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LeAnna Eden Talks About "The Protest Song" 

The Art of Protest

Le Anna Eden writes all kinds of songs, but at the heart of all her work is justice, best exemplified in the powerful video for her recent track "The Protest Song."

The clip opens on several young black men standing at a graffiti-covered wall.

"Don't give up, so many reasons to cry," Eden sings. "We all know, we all know, we all know it's time to stand up and fight."

One of the young men later arrives at a convenience store, where he shoots photographs of a cashier, her face covered in blue, refusing to accept another young black man's money. Blue-faced cops soon arrive and frisk him, after which the young black man walks around with a hashtag over his head.

It's the story of life in African-American neighborhoods everywhere — where "children are hungry and they don't know how to read," Eden sings. "And my sister's been working hard, she wants to achieve. And my brother's been running, running from the police."

Eden was inspired to write "The Protest Song" after suffering a two-day depression following the Michael Brown shooting. But the lyrics apply to the entire spate of police killings of black people. "The first little guitar riff is dark — like what you might hear on a movie soundtrack when you know something bad is going to happen," she says. "But I also wanted it to be inspiring and hopeful."

Toward the end of the song, Eden alludes to Malcolm X: "By any means possible," she sings, but then, as if she's directly addressing the police, "Would you take my hand? But don't take my life."

Eden says songs usually come to her in snippets: "A phrase will get stuck in my head and it'll just go around and around, over and over, and eventually I'll turn it into something. But then I have to force myself to sit down with my guitar."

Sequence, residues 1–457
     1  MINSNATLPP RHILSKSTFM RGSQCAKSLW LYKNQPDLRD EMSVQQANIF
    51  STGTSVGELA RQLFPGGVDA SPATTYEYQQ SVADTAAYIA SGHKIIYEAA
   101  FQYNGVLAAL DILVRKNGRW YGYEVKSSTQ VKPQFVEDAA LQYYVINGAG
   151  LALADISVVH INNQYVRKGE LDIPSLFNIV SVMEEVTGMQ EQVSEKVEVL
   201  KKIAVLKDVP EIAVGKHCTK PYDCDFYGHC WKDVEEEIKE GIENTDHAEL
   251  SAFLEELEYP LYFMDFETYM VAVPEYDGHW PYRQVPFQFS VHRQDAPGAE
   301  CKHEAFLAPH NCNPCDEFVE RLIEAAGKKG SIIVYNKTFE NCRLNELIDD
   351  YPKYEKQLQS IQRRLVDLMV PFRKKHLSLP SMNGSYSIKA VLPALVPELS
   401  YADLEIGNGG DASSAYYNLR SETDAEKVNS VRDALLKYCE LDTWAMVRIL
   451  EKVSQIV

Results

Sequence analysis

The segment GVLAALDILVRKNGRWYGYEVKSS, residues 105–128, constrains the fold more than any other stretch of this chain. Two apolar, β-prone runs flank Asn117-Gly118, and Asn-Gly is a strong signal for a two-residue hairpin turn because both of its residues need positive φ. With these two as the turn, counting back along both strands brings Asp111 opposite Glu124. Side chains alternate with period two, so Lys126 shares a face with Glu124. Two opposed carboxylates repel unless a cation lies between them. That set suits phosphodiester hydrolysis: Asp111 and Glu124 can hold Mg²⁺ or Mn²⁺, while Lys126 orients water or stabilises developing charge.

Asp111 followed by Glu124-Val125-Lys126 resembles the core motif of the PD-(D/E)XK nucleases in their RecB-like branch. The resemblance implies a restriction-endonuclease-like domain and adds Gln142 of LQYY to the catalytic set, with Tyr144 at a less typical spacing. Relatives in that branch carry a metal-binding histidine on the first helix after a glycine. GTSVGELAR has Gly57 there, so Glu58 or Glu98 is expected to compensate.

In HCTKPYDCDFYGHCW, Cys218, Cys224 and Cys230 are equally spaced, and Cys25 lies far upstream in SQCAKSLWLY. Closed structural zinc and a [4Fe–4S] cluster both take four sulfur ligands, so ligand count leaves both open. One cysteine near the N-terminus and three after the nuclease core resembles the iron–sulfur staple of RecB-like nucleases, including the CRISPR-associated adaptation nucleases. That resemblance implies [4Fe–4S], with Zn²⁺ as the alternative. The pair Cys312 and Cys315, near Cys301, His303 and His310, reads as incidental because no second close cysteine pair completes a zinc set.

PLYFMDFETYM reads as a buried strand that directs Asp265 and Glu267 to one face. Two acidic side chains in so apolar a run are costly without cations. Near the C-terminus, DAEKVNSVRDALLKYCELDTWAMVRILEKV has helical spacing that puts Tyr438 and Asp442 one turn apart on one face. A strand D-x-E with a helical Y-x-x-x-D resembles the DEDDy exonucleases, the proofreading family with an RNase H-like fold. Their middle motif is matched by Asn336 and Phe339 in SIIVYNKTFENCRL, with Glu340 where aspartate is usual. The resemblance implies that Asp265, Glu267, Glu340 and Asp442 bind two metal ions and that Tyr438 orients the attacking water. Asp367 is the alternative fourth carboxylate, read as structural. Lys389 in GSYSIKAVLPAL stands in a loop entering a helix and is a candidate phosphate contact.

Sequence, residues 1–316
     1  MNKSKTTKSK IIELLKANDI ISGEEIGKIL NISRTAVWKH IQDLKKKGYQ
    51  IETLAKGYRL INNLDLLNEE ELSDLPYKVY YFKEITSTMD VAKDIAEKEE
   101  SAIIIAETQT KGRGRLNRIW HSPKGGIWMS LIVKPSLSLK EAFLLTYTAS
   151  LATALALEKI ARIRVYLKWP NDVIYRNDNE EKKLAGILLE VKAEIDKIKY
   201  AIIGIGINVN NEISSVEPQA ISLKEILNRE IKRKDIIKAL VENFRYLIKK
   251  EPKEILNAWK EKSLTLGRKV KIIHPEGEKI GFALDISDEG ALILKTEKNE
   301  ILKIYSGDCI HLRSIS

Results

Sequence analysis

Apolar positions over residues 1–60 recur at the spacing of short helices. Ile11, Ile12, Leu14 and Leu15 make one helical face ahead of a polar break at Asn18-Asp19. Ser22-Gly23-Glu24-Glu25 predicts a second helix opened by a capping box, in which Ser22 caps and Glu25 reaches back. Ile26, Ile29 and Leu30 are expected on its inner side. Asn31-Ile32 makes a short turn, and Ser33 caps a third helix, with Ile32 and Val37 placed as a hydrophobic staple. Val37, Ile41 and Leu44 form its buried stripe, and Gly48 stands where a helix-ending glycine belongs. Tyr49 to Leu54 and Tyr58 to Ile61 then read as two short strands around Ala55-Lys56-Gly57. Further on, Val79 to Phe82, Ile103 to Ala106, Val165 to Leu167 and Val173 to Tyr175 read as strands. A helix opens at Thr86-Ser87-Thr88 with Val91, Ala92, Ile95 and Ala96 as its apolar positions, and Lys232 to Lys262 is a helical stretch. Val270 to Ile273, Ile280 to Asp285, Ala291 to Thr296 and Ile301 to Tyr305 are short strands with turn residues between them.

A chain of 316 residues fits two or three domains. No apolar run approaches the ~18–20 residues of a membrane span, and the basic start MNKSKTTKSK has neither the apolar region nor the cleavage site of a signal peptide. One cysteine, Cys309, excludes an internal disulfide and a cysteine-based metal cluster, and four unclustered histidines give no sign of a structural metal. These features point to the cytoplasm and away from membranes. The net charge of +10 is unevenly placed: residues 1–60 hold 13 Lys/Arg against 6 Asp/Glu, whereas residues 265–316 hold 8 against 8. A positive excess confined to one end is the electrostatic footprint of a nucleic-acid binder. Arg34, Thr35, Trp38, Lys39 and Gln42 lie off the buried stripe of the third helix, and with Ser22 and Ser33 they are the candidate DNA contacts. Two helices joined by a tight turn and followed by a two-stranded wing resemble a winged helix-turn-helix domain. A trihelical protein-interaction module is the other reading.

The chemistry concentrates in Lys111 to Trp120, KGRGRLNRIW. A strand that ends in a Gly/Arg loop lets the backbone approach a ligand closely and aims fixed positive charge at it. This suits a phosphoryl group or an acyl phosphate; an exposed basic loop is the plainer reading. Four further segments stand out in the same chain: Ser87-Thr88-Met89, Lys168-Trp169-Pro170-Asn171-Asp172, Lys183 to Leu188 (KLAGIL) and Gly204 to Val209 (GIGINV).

Not all of Eden's songs are as overtly political as "The Protest Song," she says. "But I feel like I low-key write protest music all the time." She's written a poem about the Keith Scott shooting, but hasn't yet put it to music, and she says she doesn't feel qualified to write about HB2.

"I'm not trans," Eden says. "To me, that would be like a white person saying, 'I'm gonna write a song about black people.' I wouldn't feel comfortable writing about HB2. I think it's unfair and I think it sucks, but I think it would be better for a trans artist to take on."

Eden also doesn't like feeling pressured to write about any specific topic. "If I feel under pressure, I end up just getting angry and I'll write a whole bunch of stuff that has nothing to do with whatever the topic is." She pauses. "But a lot of my music is about black people dying. A lot of my unfinished music is about that, and it's very angry and it's very punk. So one day, yeah, I'll probably have an EP full of really angry music. I already have it in my head."

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